A Quebec legislature member says she has filed two police complaints over hateful messages she received.
Québec solidaire member Christine Labrie wrote on Facebook that she filed the complaints in her Sherbrooke riding on Sunday.
Labrie raised the issue of online abuse against female politicians last month when she read out a series of insulting and threatening messages that she and other women in her caucus had received.
At the time, she said that while all public figures receive their share of insults, hateful messages, and even calls for suicide, women are particularly targeted.
“It’s been largely documented that women are subjected to more violence than men — up to 27 times more, according to some estimates — and women in politics are particularly targeted, regardless of where they are on the left-right spectrum,” she told the legislature in late November.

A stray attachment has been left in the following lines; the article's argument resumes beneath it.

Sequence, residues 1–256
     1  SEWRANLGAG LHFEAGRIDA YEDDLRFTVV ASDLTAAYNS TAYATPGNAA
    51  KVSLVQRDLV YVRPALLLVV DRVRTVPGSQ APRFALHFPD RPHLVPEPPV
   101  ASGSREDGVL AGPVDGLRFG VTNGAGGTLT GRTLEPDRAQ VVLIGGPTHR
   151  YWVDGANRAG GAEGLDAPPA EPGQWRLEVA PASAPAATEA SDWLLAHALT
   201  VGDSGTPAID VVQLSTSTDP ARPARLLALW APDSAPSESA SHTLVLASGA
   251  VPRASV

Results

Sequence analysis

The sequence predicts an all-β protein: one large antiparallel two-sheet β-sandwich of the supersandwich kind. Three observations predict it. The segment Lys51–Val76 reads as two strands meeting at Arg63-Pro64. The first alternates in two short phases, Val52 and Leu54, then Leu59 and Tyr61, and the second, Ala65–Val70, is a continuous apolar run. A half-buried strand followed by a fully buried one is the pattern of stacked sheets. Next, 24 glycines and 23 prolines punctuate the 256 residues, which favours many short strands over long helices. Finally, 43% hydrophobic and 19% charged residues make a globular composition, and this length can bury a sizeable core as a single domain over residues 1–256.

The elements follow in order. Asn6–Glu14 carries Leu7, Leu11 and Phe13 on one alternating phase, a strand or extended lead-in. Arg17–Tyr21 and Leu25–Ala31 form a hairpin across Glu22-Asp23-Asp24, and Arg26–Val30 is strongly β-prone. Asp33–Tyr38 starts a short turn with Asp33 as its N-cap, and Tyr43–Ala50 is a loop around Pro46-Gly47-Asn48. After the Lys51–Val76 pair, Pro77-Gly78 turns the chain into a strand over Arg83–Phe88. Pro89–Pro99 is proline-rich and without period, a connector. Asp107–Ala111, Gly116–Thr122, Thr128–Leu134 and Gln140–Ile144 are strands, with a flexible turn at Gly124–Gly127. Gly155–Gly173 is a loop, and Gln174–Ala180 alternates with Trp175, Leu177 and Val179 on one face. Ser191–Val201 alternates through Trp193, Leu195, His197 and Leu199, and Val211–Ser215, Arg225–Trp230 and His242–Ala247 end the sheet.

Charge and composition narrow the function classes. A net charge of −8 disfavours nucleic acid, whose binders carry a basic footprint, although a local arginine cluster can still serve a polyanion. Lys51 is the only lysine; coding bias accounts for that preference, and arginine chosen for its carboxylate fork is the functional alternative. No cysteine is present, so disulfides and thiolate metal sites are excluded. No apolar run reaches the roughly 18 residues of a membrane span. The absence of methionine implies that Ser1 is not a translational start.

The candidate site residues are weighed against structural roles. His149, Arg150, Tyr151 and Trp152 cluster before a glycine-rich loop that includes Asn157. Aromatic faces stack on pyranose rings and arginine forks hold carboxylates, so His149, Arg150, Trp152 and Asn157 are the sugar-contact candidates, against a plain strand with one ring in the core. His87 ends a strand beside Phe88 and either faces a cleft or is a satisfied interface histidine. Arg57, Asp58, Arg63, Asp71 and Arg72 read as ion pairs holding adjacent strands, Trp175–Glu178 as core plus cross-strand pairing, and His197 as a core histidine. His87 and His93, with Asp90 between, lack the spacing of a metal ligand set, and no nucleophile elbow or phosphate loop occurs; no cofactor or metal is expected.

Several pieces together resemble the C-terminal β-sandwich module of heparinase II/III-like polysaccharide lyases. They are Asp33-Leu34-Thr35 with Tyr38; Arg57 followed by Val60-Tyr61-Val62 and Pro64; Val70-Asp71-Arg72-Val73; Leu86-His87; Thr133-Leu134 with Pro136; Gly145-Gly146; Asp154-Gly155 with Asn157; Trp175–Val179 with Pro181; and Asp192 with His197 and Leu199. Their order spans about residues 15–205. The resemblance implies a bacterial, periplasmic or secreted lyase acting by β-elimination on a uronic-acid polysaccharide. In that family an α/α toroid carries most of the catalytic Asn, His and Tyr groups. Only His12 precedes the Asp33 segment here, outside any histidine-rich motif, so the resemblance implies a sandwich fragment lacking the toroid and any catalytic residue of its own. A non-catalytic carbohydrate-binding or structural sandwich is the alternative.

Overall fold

“The more they express themselves publicly, the more violence they experience.”
In her Facebook message posted Sunday, Labrie said she decided to file the complaints “because it’s important for me to act consistently with what I say.”
She said the experience made her feel better but also made her understand why women are reluctant to come forward. She wrote that the process was time-consuming and also made her question whether her case was serious enough to report.
“The most publicized cases of harassment or threats are generally very intense, so we ask ourselves if our situation is serious enough to warrant a complaint,” she said.
However, she said the police treated her with patience and respect, and she left the station with a sense of accomplishment.